Atlanta City Council approves budget for 2022, including funding for new police officers

The Atlanta City Council on Monday unanimously approved the budget for Fiscal Year 2022, which begins July 1, with no millage rate increase.

The general fund, which totals approximately $710 million, provides funding for 250 new police officers, pay raises for police and fire personnel, funding to expand the city’s surveillance camera network, support for city parks and recreation programs, interest payments for for affordable housing investments, and funding for the Office of Inspector General.

Other items approved Monday include:

• Confirmed Mayor Keisha Lance Bottoms appointment of Rodney Bryant as permanent chief of the Atlanta Police Department.

• An ordinance requesting the Department of Parks and Recreation and the Atlanta Police Department complete a joint study to determine funding for the number of retired police officers that would be required through the Recapture Program to patrol Atlanta parks.

• A resolution to establish a City of Atlanta-Fulton County Joint Committee consisting of representatives from the City of Atlanta and Fulton County to develop a framework to assist the Fulton County sheriff with severe overcrowding at the Fulton County Jail.

•  A resolution to declare the Atlanta spa mass shooting on March 16, 2021 as a disaster in accordance with United States Internal Revenue Code Section 139, designate the Asian Americans Advancing Justice – Atlanta Chapter as a financial vehicle for victims of disaster relief, and authorize the mayor or her designee to enter into any agreements necessary to effectuate this designation.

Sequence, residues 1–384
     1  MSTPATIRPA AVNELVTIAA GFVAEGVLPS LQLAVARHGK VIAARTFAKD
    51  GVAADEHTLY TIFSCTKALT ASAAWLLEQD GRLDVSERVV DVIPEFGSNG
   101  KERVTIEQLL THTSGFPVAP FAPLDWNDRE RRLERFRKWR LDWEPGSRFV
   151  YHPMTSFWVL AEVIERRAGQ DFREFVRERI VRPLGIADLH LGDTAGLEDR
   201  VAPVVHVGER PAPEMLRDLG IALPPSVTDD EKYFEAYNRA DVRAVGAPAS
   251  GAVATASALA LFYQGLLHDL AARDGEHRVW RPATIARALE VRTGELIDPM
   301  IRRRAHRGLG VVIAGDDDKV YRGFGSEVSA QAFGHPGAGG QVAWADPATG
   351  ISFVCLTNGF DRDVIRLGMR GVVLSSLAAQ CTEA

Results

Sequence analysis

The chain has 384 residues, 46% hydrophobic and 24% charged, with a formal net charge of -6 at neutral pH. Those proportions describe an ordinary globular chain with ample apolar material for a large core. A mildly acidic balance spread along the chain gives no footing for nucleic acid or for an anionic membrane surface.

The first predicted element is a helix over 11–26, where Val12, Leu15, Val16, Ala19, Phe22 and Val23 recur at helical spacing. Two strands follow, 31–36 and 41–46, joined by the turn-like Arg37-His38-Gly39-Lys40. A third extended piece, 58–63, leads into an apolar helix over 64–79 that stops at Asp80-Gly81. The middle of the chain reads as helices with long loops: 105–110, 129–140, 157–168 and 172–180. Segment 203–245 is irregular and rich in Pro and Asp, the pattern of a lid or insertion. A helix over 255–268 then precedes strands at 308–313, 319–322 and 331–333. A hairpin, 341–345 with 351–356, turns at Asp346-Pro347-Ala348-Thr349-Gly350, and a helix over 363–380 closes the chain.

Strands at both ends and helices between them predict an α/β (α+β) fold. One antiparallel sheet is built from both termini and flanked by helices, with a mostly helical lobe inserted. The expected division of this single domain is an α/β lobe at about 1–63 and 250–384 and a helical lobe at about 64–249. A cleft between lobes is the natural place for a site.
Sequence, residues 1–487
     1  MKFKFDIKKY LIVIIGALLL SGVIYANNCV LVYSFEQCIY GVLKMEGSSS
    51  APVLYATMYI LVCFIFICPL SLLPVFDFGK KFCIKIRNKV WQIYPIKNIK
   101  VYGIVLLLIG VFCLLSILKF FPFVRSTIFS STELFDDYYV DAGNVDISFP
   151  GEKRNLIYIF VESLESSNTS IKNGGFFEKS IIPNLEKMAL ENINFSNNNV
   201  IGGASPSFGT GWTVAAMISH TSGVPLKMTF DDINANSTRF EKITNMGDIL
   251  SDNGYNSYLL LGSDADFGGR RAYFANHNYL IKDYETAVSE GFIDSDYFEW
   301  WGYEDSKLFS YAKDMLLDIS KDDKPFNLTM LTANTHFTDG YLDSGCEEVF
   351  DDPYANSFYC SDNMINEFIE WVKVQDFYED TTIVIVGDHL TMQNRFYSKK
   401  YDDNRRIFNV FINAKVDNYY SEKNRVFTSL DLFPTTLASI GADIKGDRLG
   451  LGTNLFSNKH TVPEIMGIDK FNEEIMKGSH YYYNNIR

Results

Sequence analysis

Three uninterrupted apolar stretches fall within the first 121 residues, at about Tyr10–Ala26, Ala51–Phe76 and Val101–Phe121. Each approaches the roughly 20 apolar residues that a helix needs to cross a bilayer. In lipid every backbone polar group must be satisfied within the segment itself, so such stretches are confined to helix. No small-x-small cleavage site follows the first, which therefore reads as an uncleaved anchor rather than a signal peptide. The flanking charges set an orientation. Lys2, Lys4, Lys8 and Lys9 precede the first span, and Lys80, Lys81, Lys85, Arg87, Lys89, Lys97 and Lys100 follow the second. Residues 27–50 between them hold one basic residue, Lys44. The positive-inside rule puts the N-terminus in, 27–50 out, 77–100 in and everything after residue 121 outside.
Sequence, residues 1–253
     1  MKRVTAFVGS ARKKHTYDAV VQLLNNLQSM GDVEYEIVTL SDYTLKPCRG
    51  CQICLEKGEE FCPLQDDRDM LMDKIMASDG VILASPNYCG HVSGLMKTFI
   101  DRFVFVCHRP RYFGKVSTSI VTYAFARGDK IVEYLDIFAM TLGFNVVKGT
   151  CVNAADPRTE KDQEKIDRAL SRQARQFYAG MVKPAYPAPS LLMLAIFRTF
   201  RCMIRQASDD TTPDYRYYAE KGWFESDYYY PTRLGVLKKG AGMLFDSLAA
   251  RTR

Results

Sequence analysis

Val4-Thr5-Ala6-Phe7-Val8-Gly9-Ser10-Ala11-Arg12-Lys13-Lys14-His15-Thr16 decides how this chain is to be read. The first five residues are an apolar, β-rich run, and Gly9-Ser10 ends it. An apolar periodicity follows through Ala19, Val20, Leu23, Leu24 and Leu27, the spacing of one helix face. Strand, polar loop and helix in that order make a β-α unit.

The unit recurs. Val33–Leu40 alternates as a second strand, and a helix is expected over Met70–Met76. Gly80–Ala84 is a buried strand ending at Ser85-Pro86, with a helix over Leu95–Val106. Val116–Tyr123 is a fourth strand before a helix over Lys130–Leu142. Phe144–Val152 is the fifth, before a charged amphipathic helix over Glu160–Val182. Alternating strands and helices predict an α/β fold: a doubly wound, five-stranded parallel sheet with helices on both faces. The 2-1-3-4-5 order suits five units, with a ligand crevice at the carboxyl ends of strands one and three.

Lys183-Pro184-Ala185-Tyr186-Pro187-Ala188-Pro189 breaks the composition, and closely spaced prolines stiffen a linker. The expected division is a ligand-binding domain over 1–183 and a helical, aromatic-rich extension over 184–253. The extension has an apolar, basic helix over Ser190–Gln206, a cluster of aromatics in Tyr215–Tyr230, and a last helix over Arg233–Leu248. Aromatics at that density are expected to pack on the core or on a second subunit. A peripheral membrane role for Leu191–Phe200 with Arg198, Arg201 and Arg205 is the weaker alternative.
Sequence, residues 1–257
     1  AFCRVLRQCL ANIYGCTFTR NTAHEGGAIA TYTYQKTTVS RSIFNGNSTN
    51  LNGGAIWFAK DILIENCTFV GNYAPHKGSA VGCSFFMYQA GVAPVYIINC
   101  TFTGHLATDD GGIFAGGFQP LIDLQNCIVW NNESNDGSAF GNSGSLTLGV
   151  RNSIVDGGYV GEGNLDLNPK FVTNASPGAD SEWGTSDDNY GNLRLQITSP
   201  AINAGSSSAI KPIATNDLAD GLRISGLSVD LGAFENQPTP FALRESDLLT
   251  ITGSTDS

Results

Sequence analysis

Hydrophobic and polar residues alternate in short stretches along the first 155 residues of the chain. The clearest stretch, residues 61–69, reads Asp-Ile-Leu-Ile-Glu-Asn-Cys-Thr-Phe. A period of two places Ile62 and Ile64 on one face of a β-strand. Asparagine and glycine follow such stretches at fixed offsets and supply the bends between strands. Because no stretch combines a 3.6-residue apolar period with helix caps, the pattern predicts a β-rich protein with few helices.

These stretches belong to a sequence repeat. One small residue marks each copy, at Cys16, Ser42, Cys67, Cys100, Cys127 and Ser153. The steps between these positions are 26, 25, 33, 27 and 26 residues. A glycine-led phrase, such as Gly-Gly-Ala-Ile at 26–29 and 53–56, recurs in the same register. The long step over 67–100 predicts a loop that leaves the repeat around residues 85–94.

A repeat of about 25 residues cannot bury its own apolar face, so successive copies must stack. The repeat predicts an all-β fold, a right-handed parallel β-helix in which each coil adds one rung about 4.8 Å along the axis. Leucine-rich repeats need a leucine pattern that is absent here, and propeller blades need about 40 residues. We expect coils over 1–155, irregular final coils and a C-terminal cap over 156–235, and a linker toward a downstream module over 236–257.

• A resolution authorizing the mayor or her designee to apply for and accept a Police Reform and Racial Justice Grant from the U.S. Conference of Mayors in the amount of $175,000 for the purpose of assisting the City’s efforts to achieve racial justice through police reform,

• A resolution authorizing the mayor or her designee to execute a special procurement agreement on behalf of the City of Atlanta with Georgia State University for a study to determine the feasibility of creating a workforce career trade program, including the potential for the issuance of City of Atlanta workforce development bonds sustained through an employee opt-in payroll deduction for a term of six month, in an amount not to exceed $58,000.

Collin Kelley

Collin Kelley is the editor of Atlanta Intown.